Bloated after Workout Here's Why

6 Reasons You’re Bloated after Exercise

Nothing beats a good workout for making us feel better. Sweat is streaming down my brow. The endorphins are flowing, and we feel rejuvenated despite our tiredness. We’re thrilled, both physically and metaphorically.

However, have you ever felt bloated after working out? Have you ever felt bloated and puffy rather than slim and sleek? If this is the case, you are not alone. Many people suffer from a condition known as post-workout bloat.

You may be wondering what is causing it and whether it is normal. Here’s all you need to know about bloating after exercise. After an exercise, you may feel bloated if you have been breathing hard or gulping too much water, which may lead you to swallow air. If you overhydrate or drink too little, you may have stomach distension, and physical effort can produce bloating in and of itself.

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Causes Bloat after Working Out

1. Dehydration

While it may appear weird, dehydration, or a lack of fluids, is the most common cause of bloating. Why? When your body does not have enough drink, your stomach retains water to compensate, resulting in apparent bloating. Drinking more water is the most effective method to flush away the swelling.

2. Overhydration

Is it possible to have too much water? Too much water consumed too abruptly can result in hyponatremia, a condition in which your body dilutes its sodium levels, causing your cells to retain water.

3. Eat close to Workout Session

While you should fuel your body for your workout, especially if you plan to do a long-distance ride, run, or other high-intensity activity, eating too soon to your workout might create bloating. This is especially true if your meal has a lot of fiber, protein, or fat.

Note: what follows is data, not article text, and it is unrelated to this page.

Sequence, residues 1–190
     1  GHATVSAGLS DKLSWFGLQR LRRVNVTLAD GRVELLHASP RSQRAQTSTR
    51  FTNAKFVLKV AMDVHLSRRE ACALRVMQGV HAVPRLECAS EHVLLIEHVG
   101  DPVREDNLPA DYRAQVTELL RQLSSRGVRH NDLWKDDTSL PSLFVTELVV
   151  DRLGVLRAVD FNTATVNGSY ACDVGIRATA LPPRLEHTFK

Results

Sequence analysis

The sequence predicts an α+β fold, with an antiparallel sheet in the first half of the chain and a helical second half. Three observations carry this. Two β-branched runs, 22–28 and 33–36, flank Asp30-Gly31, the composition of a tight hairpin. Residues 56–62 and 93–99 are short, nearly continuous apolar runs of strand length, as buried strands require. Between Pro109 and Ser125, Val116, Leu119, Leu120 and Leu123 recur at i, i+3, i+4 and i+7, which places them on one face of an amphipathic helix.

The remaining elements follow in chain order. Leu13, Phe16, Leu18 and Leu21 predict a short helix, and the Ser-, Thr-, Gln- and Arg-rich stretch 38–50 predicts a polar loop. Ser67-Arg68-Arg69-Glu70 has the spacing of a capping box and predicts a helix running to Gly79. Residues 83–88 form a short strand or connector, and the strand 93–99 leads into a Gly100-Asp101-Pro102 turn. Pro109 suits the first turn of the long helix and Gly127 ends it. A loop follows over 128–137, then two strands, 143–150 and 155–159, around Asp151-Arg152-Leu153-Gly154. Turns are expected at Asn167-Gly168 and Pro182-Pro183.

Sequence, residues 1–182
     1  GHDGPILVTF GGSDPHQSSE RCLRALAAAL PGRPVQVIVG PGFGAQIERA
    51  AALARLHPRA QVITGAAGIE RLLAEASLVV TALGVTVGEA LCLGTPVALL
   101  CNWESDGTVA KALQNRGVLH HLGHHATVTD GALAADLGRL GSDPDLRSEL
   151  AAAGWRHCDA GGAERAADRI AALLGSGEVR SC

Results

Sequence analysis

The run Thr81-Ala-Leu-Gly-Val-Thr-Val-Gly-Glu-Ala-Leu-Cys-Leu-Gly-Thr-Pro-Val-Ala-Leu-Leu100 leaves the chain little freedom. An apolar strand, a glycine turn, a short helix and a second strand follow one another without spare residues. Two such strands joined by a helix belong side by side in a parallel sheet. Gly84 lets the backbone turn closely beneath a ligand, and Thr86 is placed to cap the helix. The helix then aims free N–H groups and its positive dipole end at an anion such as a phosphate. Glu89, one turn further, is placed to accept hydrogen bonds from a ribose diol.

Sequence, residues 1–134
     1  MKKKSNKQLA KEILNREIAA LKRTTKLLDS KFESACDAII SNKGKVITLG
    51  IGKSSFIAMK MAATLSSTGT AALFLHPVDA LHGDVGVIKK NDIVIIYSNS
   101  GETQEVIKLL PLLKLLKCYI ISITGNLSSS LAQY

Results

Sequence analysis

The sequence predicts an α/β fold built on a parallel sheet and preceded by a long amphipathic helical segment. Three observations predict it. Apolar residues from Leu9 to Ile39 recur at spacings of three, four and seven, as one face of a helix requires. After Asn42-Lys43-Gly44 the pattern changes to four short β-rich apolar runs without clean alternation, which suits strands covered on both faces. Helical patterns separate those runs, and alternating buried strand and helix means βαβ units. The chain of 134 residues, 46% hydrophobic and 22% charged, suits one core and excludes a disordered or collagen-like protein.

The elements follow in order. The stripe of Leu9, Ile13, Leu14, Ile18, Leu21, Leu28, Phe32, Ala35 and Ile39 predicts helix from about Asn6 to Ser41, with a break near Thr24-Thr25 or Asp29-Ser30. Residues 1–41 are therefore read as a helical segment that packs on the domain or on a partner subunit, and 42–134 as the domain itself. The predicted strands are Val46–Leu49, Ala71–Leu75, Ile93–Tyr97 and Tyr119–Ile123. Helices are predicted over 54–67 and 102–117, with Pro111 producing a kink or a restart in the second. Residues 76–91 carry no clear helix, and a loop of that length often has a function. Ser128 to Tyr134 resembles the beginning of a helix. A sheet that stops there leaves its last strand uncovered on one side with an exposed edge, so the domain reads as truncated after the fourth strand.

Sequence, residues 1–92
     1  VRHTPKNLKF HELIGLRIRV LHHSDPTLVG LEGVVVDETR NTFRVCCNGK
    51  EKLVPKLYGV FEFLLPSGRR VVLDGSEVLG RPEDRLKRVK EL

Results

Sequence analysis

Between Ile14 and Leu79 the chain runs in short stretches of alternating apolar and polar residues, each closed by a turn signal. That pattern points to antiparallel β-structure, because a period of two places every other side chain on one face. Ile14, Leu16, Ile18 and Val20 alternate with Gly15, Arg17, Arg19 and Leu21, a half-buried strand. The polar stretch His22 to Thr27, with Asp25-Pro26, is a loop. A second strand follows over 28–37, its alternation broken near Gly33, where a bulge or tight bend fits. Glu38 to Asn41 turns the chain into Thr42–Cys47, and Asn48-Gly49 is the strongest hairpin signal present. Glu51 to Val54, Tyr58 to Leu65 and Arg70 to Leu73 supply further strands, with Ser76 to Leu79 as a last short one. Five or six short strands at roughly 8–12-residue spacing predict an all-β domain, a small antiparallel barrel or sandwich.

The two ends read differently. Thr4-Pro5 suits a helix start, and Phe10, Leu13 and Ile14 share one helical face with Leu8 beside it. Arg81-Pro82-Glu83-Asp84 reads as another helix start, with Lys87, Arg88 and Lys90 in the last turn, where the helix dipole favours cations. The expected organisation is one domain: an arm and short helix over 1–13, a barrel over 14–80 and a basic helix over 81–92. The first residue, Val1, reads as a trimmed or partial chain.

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4. Heat

When it’s extremely hot outside or you’re exercising in a warm, stuffy atmosphere, you may experience stomach swelling or bloating. This is due to the fact that heat causes your blood vessels to dilate, causing fluid to build in the area between tissues. Wear breathable and lightweight workout attire and exercise in an air-conditioned setting to avoid heat-induced bloating.

5. Exertion

Exercise is a lot of work. After all, it’s called “working out” for a reason. However, when your body begins to heal, you may experience inflammation or bloating. This is a normal and necessary part of the recovery period.

6. Heavy breathing

It’s normal for your breathing rate to increase when you’re working out. Exercise causes your body to use more oxygen and produce more carbon dioxide. Still, breathing too hard during a workout can cause you to suck in a lot of air.

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Prevent Post-Workout Bloating

You should eat 2–3 hours before your workout to feed your body and provide it time to digest the meal appropriately. To avoid feeling bloated, drink water 30–60 minutes before beginning your workout. If necessary, take a little sip of water during your workout because gulping too much water in such a short period of time might cause bloating. As you workout, keep your breathing slow and steady. Try not to gasp or take long breaths.

Bloating after an exercise is fairly common. It can also be rather unpleasant. The condition can be highly uncomfortable, ranging from a general feeling of fullness and abdominal distension to swelling and gas. Post-workout bloating, thankfully, is not permanent. It normally cures on its own, but its symptoms can be eased with a few preventive steps and post-workout therapies.

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